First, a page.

It's an implicit understanding they come to quickly: Charles will only access Erik's thoughts with permission. In turn, Erik grudgingly allows himself to become a tool of the CIA, although he balks at calling himself any kind of experiment. He had enough of that in his youth, thank you very much, and has yet to meet the bonds that can hold him. The realization hits, though, that for the first time in his life he's actually allowing himself to have fun. His path is still a singular one; his goal remains to decimate Sebastian Shaw. He knows how he'll do it and when it happens he'll savor the moment and make it work to his advantage: there will only be one chance for his moment of retribution and it needs to be sweet. They say revenge is a dish best served cold. He'll find out, or die trying.
Charles, on the other hand, knows there are many more like them. If finding Erik was accidental — he's not so convinced of that, they seem to be cut from such compatible molds — then finding other mutants will have to be very intentional. With the help of Hank's machine Cerebro, his innate ability to locate others with special gifts is amplified beyond his wildest dreams. Unlike Erik, he's a willing experiment. Unlike Erik, he fills with glee at the possibility of being used, at least as a force for good. Locating others like themselves is certainly something he could do on his own, but isn't everything in life better when shared with friends and family, with loved ones? There is no doubt in his mind, and his mind encompasses so very much space and distance.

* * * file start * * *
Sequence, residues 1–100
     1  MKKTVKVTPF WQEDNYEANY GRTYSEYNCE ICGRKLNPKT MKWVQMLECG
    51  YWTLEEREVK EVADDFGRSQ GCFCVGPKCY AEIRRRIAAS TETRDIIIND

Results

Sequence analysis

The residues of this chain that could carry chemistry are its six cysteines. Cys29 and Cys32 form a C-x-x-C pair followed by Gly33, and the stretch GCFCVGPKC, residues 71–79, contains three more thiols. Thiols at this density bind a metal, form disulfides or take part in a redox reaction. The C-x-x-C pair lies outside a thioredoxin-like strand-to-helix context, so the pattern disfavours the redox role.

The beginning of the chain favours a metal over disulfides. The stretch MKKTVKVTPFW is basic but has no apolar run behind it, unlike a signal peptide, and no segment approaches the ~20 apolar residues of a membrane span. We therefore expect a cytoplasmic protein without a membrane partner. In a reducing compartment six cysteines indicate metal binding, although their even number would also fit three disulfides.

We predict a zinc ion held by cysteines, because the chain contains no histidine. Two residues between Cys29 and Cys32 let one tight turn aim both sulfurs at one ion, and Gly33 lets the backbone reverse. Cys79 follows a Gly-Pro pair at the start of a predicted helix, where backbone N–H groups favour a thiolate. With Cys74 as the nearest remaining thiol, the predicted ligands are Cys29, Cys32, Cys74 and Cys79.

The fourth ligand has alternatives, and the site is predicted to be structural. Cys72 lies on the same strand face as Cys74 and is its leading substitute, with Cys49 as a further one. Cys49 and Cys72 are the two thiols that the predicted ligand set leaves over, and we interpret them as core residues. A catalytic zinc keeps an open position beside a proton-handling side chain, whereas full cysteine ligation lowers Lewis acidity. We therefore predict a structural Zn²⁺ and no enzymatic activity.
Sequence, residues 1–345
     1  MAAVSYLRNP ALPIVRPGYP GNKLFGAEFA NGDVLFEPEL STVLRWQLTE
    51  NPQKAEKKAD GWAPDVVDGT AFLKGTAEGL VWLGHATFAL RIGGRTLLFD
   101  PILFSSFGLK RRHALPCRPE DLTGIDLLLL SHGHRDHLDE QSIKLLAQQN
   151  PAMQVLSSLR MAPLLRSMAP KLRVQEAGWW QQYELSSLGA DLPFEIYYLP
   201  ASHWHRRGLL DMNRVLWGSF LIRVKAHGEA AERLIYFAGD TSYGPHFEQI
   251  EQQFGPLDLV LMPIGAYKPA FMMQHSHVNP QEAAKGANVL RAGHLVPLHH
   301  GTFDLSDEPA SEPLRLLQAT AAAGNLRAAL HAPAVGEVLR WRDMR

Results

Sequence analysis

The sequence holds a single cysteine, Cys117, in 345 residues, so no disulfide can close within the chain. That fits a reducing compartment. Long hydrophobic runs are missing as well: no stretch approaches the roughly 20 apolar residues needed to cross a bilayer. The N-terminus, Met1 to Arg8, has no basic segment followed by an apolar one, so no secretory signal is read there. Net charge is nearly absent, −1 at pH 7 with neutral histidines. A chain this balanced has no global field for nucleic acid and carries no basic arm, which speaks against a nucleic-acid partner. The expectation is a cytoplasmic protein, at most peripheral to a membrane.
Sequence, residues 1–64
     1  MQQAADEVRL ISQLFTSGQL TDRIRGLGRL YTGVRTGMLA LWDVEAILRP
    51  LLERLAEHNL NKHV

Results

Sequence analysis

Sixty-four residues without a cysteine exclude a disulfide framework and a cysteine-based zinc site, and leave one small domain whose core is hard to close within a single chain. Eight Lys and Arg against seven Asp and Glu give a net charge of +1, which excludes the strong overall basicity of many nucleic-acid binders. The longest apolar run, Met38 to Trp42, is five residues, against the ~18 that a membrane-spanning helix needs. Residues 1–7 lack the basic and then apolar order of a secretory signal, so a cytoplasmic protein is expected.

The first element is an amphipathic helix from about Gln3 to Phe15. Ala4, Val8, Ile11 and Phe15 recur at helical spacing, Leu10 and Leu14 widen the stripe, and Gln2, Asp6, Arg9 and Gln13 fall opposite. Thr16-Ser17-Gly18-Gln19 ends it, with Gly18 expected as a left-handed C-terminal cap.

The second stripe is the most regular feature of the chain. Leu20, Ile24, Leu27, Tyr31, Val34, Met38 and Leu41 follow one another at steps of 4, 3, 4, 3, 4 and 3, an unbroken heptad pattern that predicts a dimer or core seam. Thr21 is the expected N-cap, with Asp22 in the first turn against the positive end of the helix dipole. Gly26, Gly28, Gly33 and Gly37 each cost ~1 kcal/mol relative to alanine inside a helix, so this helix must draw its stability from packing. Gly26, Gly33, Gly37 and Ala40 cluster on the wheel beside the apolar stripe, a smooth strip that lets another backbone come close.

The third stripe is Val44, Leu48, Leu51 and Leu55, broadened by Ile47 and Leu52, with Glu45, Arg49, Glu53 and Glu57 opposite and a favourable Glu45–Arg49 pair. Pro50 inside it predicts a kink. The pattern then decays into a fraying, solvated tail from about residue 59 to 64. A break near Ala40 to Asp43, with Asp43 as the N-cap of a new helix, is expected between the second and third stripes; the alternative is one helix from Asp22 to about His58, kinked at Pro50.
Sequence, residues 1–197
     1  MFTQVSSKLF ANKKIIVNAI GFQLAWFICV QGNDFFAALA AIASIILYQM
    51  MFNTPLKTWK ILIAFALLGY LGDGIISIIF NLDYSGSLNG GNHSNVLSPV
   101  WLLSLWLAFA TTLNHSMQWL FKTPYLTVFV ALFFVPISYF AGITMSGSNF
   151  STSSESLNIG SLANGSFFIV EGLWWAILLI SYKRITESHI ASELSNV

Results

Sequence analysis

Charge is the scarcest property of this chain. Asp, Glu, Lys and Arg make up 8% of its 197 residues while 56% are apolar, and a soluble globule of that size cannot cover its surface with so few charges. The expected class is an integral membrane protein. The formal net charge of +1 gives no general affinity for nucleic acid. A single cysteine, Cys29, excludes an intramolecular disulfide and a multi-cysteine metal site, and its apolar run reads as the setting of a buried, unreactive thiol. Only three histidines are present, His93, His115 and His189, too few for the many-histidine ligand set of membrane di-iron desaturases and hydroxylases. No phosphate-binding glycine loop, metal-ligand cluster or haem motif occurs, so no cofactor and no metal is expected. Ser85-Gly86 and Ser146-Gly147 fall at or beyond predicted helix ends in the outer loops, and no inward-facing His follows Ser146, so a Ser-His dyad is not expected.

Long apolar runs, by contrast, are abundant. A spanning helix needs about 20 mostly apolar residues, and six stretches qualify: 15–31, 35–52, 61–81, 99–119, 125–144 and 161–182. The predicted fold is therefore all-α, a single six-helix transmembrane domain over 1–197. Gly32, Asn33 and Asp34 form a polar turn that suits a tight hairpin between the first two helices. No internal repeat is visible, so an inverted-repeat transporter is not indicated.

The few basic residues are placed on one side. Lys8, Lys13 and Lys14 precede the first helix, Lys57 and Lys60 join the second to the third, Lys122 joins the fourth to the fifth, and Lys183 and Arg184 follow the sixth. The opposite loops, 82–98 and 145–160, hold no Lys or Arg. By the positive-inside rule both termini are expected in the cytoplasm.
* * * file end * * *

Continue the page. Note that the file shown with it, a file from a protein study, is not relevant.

"What an adorable lab rat you make, Charles."
You decided to stay! He can't help it: the sight of Erik here at his side makes him smile, but he manages to turn it into a grimace as Hank — not the most deft of people — fixes Cerebro to his head. Calm, he can portray calm. He can portray anything.
"Don't spoil this for me, Erik."
You didn't think I was going to just walk away, did you? And after all we've been through.
Stop it, you're trying to make me laugh. A world of laughter, all in his head, all at this very serious moment. Stifling it takes most of his concentration.
All right, then. I'll be serious. Erik shakes his head, shutting out any inadvertent conversation. "No. I've been a lab rat. I know one when I see one."